Mumbai: Months after the Mumbai Traffic Police (MTP) installed high-end CCTV cameras equipped with speed detection facilities and latest Automatic Number Plate Recognition (ANPR) feature, the MTP received several complaints of wrong e-challans issued.

Several motorists claimed they received e-challans based on data from the ANPR cameras, despite not being at the spot or for vehicles that they don’t own, said a senior traffic official. The ANPR cameras were installed at 150 junctions in the city in two phases to curb speeding incidents. Traffic official said, “There were a few technical glitches in the new system which were resolved quickly. In genuine cases, we have also reversed e-challans which were wrongly issued to the motorist.”

Thanks to the ANPR feature, in a span of eight months since its installation, the number of e-challans issued to the traffic violators went up close to two times from 7.3 lakh per month in November 2017 (before installation) to a whopping 13.4 lakh e-challans in September 2018 (after installation).

However, after the glitches were found in the system, many e-challans were reversed, said police. The motorists and bikers have been slapped with e-challans ranging from Rs 200 for jumping a signal to Rs 1,000 for not wearing a seatbelt/helmet or rash driving respectively.

An event manager Swanand Shirpurkar, who travels from Charkop to Bandra Kurla Complex was wrongly issued an e-challan for jumping a signal at Kalbadevi Chowk. Swanand said, “Firstly, I have never been to Kalbadevi Chowk in afternoon and secondly the image attached was that of another bike.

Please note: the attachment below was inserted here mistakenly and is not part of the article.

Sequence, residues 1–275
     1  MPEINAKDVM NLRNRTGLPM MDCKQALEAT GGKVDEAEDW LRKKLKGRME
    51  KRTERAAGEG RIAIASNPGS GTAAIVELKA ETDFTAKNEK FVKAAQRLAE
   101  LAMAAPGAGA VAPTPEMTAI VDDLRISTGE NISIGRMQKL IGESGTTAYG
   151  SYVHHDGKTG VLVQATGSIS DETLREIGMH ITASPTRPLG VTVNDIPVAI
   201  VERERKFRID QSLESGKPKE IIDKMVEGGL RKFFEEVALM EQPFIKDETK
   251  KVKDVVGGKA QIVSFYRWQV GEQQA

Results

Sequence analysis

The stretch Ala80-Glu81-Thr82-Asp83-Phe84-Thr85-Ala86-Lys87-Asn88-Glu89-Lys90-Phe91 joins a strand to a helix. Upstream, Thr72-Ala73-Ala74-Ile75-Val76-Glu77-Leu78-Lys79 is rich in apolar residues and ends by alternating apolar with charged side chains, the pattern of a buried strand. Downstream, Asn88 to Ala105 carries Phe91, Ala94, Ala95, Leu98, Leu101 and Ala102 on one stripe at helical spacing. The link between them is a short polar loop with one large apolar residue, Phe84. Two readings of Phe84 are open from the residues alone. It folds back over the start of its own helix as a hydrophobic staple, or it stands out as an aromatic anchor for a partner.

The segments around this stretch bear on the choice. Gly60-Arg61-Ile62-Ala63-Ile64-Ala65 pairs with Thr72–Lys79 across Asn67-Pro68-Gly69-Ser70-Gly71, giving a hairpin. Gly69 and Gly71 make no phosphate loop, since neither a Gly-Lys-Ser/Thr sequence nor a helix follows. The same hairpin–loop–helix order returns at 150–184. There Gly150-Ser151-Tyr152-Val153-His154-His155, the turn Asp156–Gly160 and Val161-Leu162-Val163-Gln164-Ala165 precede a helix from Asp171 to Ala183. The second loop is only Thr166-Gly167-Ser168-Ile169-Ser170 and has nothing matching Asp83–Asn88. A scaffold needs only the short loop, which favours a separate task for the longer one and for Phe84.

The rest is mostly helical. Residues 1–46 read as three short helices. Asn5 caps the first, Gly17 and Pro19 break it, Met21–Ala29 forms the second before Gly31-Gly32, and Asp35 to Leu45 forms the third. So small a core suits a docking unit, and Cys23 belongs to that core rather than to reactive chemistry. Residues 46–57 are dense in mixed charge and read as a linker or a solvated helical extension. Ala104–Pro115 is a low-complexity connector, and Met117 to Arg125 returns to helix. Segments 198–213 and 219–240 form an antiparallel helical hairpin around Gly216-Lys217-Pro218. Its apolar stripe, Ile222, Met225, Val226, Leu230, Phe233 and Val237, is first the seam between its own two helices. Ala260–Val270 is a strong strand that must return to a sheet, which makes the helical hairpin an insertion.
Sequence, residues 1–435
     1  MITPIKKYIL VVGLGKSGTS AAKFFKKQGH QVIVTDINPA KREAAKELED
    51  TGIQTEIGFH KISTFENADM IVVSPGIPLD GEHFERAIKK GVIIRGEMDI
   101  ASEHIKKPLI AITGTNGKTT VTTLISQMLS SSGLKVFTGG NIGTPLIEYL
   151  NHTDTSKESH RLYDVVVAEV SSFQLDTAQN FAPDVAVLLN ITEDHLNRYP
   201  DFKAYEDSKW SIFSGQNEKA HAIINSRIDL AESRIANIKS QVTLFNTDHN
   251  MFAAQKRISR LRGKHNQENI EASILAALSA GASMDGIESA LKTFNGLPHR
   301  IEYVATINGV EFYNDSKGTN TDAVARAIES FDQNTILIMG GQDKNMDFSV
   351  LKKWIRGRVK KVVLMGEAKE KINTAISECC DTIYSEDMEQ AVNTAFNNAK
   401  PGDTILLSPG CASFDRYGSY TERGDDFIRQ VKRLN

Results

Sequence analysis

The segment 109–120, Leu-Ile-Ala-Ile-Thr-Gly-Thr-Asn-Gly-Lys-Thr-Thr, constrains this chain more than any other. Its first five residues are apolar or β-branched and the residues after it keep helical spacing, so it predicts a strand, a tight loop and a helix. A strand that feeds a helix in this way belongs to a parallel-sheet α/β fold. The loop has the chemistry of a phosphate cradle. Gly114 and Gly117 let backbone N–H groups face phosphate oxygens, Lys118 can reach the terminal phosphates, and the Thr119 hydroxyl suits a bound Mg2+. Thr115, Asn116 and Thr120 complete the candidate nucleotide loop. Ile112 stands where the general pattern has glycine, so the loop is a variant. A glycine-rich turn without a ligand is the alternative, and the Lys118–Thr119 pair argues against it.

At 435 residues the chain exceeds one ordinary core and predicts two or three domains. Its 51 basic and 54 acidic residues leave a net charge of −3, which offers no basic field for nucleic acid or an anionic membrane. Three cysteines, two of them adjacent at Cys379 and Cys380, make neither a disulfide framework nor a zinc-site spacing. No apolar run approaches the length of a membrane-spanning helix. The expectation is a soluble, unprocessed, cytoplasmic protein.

My bike is red in colour and the bike in the image was black. Hence when I approached the police with the complaint, they immediately reversed the e-challan, giving me a sigh of relief.”Joint Commissioner of Police (Traffic) Amitesh Kumar said, “The efforts of overcoming the technical glitches in CCTV camera system is underway.

We, MTP, too are learning by trial and error, which is ultimately for the greater good.” A year after the Mumbai police installed 5,000-odd CCTV cameras at around 1,510 spots in the city, officials said they are turning out as their virtual third eye as they have helped in the detection of a number of crimes, ranging from molestation and theft to murders, at times when there were no policemen present around the crime spots. While the CCTVs have helped in keeping a sharp eye at the spots where they are located, the captured images come in handy as case evidence.